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Grain Farmers of Ontario extremely disappointed with pesticide restriction announcement

GUELPH, ON (July 7, 2014) – Grain Farmers of Ontario is extremely disappointed to have read yesterday’s media statement that Ontario’s newly appointed Minister of Agriculture intends to make this province the first in Canada to restrict the use of neonicotinoid pesticides.

The Ontario grain industry has committed extensive resources over the past two years to mitigate the risk to bees. Many of these initiatives have been launched and put into practice this growing season and the results of ongoing research projects and in-field practices will be paramount in determining any future regulatory decisions. It is counterintuitive to implement a regulatory change without the completion of this research and trials.

“The effort and leadership grain farmers have demonstrated on this issue has been second to none, and to have this discounted with such a rash move and announcement through media, is frankly insulting,” says Henry Van Ankum, Chair of Grain Farmers of Ontario. “Farmers across the countryside have modified their equipment, are participating in field trials, are using the new mandatory fluency agent which has proven successful, and have forged good, open communications with many beekeepers — we have a lot to share with Minister Leal and have not yet had the opportunity.”

The move Minister Leal is proposing is a move against Canada’s science based regulatory system. Ironically, on July 3rd, Minister Leal sent a letter to Grain Farmers of Ontario for publication in the Ontario Grain Farmer magazine stating “we must continue to ensure decisions are balanced and based in science”. Naturally, the organization is confused by these contradictory messages, only days apart.

Further, farmers across the province are shocked by the manner this announcement was made. Grain farmers have demonstrated their cooperation with government on this issue since 2012 and have had a positive working relationship with those involved in the bee health file. Grain Farmers of Ontario is extremely disappointed that Minister Leal did not take the time to consult the organization as there will be negative financial impact to Ontario’s corn and soybean farmers and the grain industry as a whole.

Grain Farmers of Ontario has always had a good working relationship with the Minister of Agriculture and we hope that this continues in the future. This is not a good start — our organization believes in an open and collaborative approach and we encourage this government to work cooperatively with us as we move forward.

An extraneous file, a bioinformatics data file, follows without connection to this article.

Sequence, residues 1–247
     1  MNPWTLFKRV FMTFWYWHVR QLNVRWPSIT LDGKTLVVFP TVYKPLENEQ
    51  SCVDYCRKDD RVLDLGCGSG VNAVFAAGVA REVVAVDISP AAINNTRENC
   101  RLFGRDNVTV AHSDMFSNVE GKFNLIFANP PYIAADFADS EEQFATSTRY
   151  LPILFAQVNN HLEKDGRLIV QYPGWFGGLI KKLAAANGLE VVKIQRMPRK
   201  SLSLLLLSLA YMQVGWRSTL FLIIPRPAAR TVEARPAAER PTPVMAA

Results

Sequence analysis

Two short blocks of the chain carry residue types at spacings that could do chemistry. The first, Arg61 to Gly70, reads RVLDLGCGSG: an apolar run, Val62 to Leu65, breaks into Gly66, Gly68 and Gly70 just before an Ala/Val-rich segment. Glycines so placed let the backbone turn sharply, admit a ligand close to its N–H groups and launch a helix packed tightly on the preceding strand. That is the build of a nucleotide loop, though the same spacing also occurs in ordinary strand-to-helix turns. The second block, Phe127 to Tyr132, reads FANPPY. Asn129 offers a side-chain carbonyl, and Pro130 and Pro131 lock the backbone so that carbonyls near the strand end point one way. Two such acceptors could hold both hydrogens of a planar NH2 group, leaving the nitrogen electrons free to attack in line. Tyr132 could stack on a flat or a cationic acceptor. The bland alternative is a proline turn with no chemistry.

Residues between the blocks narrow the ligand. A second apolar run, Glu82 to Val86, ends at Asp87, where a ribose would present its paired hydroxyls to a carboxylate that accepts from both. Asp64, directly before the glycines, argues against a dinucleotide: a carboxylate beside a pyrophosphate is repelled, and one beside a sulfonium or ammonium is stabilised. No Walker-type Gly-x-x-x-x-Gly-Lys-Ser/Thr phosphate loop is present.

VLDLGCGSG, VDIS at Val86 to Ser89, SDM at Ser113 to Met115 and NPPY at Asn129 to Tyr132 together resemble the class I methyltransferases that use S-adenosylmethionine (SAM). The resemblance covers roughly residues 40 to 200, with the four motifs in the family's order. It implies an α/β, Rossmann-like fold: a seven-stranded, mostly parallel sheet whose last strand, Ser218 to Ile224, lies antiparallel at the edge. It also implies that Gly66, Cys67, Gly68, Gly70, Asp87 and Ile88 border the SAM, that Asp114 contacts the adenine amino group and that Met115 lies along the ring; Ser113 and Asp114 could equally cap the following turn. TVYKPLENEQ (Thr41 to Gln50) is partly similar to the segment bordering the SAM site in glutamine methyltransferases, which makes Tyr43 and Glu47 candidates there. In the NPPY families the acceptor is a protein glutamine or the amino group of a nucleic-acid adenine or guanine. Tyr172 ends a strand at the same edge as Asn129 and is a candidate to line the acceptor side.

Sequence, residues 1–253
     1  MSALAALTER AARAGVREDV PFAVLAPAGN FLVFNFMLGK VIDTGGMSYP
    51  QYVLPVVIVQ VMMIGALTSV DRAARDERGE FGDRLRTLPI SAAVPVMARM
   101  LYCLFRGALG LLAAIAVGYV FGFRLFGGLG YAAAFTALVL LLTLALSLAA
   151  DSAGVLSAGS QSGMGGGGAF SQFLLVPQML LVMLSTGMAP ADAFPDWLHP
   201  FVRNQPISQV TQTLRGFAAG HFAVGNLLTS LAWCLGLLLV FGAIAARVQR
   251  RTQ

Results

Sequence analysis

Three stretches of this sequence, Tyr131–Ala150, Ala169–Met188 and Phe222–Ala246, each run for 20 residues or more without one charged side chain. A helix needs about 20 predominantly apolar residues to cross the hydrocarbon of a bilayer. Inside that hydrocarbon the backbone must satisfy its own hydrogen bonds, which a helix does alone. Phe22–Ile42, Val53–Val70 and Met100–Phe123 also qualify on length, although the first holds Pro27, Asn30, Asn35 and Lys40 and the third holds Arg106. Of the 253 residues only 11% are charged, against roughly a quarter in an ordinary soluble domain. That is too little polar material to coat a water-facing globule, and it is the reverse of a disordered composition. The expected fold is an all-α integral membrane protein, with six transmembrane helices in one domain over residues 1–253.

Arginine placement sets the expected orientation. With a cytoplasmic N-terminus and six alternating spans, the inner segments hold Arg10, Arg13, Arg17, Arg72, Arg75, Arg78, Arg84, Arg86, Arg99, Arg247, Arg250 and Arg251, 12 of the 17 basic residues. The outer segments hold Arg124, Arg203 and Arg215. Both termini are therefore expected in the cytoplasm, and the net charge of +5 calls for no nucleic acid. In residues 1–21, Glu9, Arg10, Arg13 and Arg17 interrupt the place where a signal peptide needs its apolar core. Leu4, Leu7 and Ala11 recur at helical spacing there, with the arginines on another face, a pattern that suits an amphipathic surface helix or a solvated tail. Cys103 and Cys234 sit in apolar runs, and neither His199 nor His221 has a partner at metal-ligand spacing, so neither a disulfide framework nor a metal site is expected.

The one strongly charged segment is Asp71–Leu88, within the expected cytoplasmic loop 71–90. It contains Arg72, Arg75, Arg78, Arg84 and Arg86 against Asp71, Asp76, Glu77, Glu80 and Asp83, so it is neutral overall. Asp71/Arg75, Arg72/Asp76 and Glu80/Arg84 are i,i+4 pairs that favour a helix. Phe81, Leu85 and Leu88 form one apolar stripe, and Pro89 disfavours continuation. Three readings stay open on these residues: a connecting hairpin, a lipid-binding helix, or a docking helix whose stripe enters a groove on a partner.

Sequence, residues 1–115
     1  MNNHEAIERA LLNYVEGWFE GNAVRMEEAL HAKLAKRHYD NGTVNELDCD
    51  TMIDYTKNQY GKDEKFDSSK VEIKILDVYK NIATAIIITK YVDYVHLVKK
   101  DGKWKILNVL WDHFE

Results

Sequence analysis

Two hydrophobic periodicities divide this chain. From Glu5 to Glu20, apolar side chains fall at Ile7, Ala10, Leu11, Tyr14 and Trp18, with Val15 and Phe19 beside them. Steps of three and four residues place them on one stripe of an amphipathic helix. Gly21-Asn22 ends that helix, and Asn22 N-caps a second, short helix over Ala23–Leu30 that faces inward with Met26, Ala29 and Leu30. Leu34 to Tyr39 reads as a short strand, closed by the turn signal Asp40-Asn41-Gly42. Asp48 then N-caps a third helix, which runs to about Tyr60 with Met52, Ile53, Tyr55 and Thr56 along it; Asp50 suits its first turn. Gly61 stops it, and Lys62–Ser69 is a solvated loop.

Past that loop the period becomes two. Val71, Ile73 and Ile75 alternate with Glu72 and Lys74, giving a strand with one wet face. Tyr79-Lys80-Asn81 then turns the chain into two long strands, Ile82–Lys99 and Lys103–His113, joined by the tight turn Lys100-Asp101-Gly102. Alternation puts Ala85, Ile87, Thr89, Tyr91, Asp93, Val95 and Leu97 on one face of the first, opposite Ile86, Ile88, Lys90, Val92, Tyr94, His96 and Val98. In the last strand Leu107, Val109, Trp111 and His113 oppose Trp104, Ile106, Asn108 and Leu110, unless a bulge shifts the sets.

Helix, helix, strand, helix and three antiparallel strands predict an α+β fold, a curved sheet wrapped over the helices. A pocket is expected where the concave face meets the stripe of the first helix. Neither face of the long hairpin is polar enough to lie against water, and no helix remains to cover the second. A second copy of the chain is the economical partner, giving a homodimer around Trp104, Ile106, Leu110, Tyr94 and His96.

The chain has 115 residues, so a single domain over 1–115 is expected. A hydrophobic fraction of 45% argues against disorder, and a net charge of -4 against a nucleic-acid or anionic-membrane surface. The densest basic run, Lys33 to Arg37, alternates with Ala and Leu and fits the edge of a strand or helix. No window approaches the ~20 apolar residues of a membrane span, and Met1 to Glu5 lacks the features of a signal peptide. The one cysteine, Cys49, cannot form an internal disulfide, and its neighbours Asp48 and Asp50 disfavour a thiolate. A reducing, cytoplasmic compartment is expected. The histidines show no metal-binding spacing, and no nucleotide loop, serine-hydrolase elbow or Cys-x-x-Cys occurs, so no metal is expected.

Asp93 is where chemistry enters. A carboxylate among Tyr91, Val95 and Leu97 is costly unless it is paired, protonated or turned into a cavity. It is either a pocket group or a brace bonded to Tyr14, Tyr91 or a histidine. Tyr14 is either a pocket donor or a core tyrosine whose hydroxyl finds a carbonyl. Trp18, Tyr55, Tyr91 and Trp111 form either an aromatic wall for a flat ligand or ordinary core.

Grain Farmers of Ontario

Grain Farmers of Ontario is the province’s largest commodity organization, representing Ontario’s 28,000 corn, soybean and wheat farmers. The crops they grow cover 6 million acres of farm land across the province, generate over $2.5 billion in farm gate receipts, result in over $9 billion in economic output and are responsible for over 40,000 jobs in the province.

Contact:

Barry Senft, CEO - 1-800-265-0550; bsenft@gfo.ca

Henry Van Ankum, Chair - 519-835-4200; henryvanankum@sympatico.ca

Meghan Burke, Communications – 519 767-2773; mburke@gfo.ca

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Grain Market Commentary for September 20, 2017

Wednesday, September 20, 2017

Commodity Period Price Weekly Movement
Corn CBOT December 3.50  01 cents
Soybeans CBOT November 9.70  11 cents
Wheat CBOT December 4.50  07 cents
Wheat Minn. December 6.22  12 cents
Wheat Kansas December 4.48  05 cents
Chicago Oats December 2.46  08 cents
Canadian $ December 0.8115  0.75 points

Harvest 2017 prices as of the close, September 20 are as follows:
SWW @ $190.53/MT ($5.19/bu), HRW @ $199.60/MT ($5.43/bu),
HRS @ $241.11/MT ($6.56/bu), SRW @ $195.06/MT ($5.31/bu).

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Market Trends Report for September-October 2017

Monday, September 18, 2017

US and World

Across the US corn belt American farmers are starting to harvest another huge crop. The growing season was uneven with widespread drought in the Northwest plains and quite a wet start in the Eastern corn belt. This was accentuated by somewhat dry conditions in mid-summer, but it looks like good genetics and modern farming methods have won out. As we careen into October, US farmers are set to harvest their third-largest corn crop and the largest soybean crop ever.

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On September 12th the USDA released their latest estimates of US crops. USDA estimated US corn production would come in at 14.184 billion bushels, with an average yield of 169.9 bushels per acre. This was seen as a bit of a shock to the market as traders were expecting lower yield estimates. The USDA also increased 2017/18 ending stocks to 2.335 billion bushels, up 62 million from their August report. This US crop is approximately 6% less than last year with the yield 4.7 bushels per acre lower.

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